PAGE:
Highlights from the stock phrase to start a fairytale in other languages

Back in the days when it was still of help to wish for a thing —German

Cross seven countries, through the sea of Operencia, through the glass mountains, where the curly-tailed pig delves —Hungarian

I remember something that our father told me and that is this —Iraqw [typo?]

A long long time ago, when goats had feathers —Kazakh

Back when tigers used to smoke tobacco —Korean

Where the water was being strewn and the sand poured —Slovak

In a time already long past, when it was still of use to cast a spell —Esperanto

Once there was, and once there wasn't. In the long-distant days of yore, when haystacks winnowed sieves, when genies played jereed in the old bathhouse, [when] fleas were barbers, [when] camels were town criers, [and when] I softly rocked my baby grandmother to sleep in her creaking cradle, there was/lived, in an exotic land, far, far away, a/an —Turkish

SCP-5031 is a sweet story, about prisons and the Other. For context, SCP stands for Secure, Contain, Protect, and in-universe is an organization that protects humanity from anomalous entities. Many of these entities are hostile, and some of them are incompatible with humanity.

Vampire Flower Language is a romance written about actually remotely sensible people. The characters enter conflict over a deep moral question, and resolve it by growing as people and talking with each other. Strongly recommended: I have been reading it for a while, but this is the month it finished.

vellartrill’s someone who I lost touch with after following them for a while on tumblr, and since then they’ve gone off the deep end, but they do have a beautiful essay on transhumanism

eternity is our rightful inheritance, the stars our appointed clay, space our canvas and matter our ink. and they have been stolen away from us by the petty machinations of the cosmos.

how can we simply accept this, the greatest crime imaginable, committed against every being that has ever lived and ever will live?


A Method for Measuring Investigative Journalism in Local Papers is sort of useless by itself, but is just begging to be combined with other datasets. You could do that! I have more projects than I have time for, but am happy to provide guidance to anyone interested but unsure how to start.

I’ve been travelling this month: three weeks away from home in all, mostly to the East Coast. No, my circadian rhythm has not approved. But I’ve been learning some interesting things. Probably the most model-breaking is that not only do American soldiers overall not have a different suicide rate from the demographically-adjusted US average, deployment doesn’t affect suicide risk. Even combat risk doesn’t have an impact! Conversely, normal seasons do, though apparently the connection between holidays and suicides is a myth? I am left somewhat confused, and more convinced that social bonds are very critical for suicide prevention. Or someone’s playing fast and loose with their data.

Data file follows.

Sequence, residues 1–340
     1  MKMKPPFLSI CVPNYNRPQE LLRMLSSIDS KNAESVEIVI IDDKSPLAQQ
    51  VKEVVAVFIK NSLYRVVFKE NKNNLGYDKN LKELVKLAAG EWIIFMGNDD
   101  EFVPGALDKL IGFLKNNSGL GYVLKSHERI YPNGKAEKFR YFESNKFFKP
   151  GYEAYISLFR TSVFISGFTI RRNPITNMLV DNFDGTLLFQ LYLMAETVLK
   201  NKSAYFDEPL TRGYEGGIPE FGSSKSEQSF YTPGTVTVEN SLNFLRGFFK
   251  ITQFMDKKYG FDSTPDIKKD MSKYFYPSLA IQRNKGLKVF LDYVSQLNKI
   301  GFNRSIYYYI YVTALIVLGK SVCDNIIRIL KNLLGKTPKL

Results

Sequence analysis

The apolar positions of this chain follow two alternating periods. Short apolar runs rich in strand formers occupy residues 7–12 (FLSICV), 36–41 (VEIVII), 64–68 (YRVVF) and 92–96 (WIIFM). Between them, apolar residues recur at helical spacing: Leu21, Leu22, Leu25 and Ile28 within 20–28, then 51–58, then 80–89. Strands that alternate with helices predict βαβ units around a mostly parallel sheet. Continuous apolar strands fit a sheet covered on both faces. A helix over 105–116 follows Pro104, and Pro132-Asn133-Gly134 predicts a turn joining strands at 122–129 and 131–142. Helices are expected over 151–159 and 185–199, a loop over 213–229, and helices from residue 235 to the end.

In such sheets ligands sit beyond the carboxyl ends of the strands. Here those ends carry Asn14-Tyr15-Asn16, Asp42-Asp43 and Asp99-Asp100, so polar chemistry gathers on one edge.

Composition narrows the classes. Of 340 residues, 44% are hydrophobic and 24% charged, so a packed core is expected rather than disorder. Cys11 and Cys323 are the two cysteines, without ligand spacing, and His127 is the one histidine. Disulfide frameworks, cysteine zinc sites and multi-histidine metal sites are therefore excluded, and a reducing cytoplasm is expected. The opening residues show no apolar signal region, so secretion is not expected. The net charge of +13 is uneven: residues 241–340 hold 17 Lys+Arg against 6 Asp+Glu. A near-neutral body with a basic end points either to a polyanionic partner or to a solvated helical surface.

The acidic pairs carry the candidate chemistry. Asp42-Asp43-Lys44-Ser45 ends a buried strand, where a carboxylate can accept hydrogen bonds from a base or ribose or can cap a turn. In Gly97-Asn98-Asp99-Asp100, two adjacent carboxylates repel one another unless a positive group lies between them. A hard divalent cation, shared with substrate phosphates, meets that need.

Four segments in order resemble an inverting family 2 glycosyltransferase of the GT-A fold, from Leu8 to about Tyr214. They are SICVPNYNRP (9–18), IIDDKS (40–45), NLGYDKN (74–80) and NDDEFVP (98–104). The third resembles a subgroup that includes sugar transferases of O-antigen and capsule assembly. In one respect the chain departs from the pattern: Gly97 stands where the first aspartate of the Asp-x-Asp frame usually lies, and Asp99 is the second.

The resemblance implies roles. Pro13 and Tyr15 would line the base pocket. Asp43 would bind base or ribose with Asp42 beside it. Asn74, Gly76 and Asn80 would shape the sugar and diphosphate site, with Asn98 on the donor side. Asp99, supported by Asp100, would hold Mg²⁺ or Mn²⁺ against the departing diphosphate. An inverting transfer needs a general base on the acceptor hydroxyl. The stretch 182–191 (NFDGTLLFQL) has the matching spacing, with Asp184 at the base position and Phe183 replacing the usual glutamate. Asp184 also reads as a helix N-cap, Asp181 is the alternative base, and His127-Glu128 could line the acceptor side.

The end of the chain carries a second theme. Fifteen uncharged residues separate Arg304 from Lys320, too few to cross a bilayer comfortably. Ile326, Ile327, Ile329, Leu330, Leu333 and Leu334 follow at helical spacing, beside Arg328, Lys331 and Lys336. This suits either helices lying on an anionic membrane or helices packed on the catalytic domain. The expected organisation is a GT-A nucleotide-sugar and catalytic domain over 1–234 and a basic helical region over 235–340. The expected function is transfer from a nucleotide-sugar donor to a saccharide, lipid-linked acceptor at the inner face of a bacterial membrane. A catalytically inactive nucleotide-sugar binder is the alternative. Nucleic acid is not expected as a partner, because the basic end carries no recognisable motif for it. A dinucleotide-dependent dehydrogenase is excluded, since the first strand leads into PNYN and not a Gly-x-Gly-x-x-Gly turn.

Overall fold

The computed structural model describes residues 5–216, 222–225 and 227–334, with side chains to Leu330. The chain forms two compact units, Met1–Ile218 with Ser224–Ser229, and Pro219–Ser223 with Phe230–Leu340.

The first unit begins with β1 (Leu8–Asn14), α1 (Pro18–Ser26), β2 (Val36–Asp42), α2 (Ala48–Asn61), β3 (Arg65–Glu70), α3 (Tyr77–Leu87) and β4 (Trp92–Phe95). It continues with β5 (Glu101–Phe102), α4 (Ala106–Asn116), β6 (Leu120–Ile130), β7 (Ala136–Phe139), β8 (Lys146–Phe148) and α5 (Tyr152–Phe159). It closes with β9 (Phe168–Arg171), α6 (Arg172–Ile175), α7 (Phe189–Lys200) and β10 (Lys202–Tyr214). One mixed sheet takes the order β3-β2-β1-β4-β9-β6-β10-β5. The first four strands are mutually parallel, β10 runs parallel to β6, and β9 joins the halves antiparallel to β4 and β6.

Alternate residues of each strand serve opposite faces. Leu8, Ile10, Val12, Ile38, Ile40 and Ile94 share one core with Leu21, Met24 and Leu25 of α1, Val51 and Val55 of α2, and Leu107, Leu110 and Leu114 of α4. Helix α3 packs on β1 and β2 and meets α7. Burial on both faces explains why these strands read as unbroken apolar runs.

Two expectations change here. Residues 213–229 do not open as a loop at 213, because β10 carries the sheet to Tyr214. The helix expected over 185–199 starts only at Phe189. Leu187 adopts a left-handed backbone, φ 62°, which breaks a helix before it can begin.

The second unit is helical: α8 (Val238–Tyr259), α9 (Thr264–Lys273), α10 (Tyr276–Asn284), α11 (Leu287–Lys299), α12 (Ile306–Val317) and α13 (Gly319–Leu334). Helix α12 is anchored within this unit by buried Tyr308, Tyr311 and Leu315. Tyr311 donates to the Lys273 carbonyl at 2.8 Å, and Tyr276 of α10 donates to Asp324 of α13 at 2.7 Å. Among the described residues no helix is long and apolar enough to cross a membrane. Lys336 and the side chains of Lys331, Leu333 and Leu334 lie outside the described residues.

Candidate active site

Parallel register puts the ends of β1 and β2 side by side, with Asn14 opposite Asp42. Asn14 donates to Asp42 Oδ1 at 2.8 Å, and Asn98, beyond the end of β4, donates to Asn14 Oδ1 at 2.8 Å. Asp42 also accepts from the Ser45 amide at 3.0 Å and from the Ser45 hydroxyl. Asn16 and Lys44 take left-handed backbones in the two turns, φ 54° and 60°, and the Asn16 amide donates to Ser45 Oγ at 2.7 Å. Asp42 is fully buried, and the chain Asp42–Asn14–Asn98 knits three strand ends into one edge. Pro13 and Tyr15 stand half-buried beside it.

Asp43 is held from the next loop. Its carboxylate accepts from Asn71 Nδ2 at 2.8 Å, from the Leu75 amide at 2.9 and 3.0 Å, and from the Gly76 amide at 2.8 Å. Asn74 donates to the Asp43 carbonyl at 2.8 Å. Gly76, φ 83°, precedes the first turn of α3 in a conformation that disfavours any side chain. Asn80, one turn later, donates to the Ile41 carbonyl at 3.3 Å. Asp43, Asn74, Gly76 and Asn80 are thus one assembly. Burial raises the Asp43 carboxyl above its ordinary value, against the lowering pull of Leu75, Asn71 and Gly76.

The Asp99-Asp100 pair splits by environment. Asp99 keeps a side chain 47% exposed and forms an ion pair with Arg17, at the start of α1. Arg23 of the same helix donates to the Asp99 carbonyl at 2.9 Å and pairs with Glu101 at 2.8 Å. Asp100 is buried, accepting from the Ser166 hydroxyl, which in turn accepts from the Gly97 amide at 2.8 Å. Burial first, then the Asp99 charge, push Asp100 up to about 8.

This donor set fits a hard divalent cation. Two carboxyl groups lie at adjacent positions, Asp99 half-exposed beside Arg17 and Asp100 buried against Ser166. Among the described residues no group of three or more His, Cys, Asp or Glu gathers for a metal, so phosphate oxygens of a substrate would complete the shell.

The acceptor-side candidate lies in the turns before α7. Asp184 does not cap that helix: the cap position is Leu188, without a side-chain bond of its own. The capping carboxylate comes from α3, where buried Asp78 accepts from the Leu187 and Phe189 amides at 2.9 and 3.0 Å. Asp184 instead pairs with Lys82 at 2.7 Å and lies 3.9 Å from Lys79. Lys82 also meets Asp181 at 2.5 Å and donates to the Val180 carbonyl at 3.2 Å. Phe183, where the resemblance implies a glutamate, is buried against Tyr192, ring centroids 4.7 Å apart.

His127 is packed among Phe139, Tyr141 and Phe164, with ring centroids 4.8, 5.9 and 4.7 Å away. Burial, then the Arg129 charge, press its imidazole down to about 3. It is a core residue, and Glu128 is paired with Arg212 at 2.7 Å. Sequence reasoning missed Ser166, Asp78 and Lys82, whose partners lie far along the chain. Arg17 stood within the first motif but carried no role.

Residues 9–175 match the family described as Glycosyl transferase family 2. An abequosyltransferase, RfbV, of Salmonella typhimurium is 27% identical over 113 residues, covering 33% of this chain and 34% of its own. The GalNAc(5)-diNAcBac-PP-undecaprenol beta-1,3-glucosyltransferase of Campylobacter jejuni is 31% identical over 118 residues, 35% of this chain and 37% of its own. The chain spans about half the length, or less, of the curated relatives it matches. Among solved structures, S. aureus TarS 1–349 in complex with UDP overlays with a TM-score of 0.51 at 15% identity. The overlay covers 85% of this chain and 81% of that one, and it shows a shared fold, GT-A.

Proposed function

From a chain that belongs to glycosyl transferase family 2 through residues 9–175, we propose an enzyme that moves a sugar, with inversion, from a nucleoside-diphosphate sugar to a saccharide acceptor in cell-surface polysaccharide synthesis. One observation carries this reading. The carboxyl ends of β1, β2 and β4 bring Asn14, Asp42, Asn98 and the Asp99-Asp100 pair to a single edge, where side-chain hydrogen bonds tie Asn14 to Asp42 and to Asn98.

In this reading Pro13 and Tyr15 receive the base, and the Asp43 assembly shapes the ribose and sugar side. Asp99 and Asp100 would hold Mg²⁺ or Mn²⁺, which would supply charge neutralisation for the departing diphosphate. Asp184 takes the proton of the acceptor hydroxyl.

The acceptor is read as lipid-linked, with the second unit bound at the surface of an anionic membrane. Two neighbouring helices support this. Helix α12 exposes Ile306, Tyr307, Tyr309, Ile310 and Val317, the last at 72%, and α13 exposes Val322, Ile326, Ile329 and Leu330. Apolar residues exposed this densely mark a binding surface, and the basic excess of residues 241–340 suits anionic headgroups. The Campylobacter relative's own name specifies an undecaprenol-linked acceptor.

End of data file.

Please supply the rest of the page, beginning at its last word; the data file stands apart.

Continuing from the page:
Mechanical Engineering Historical Landmarks! I love humans.

Scott Aaronson has some excellent lecture notes on Quantum Information Science, and so far they’re accessible (in that as long as your linear algebra is up to date you’ll be able to read them at the speed of math). This is a striking point of difference that I had to learn before I could read math. Social scientists and historians write reams upon reams of text, and skimming is the only way to usefully extract information. Conversely, in mathematics the best way to extract information is to go extremely slowly, verifying each statement and understanding how and why it works.

A lovely meta-meta analysis, providing all good results for predicting something about someone in the future based on their traits today. How strong is the relationship between childhood X and age-50 Y? Here it is!

I made something! Two sources, 1801-1997 and 1997-2018.


  1. I’d never realized how much smaller WWI was than WWII for America.

  2. The lack of increase after 2001 is striking in context

  3. As is the relatively slow decrease after 1989

  4. Always always always plot on a log scale when doing data visualization over datapoints that vary by multiple orders of magnitude, you see very different things. Nobody ever talks about the lack of drawdown after the Spanish-American war!

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Nobody ever talks about the lack of drawdown after the Spanish-American war!

The proximate cause appears to be the occupation of the Philippines after the US decided to take them as a colony rather than liberate them. The unexpected insurgency that followed forced Congress to maintain the army's wartime size.

A complete explanation of why the army stayed large after the general end of the Philippine insurgency in 1902 is beyond me, however. I am seeing several general explanations along the lines of "the Spanish-American war revealed serious problems in the US military, and a man named Elihu Root was appointed to correct them; this led to a large reorganization, which included the de facto founding of the National Guard and the creation of many new military bases around the world".

I might chalk it up to "the US decided it ought to become a major military power with colonies after it thrashed Spain", in a more general sense, but that's just armchair history. Interested if anyone with solid historical knowledge of this period could weigh in.

As is the relatively slow decrease after 1989

Which was the right call in retrospect. Enemy never accepted defeat, they just barely lost that round. Cold war just took a pause, not ended.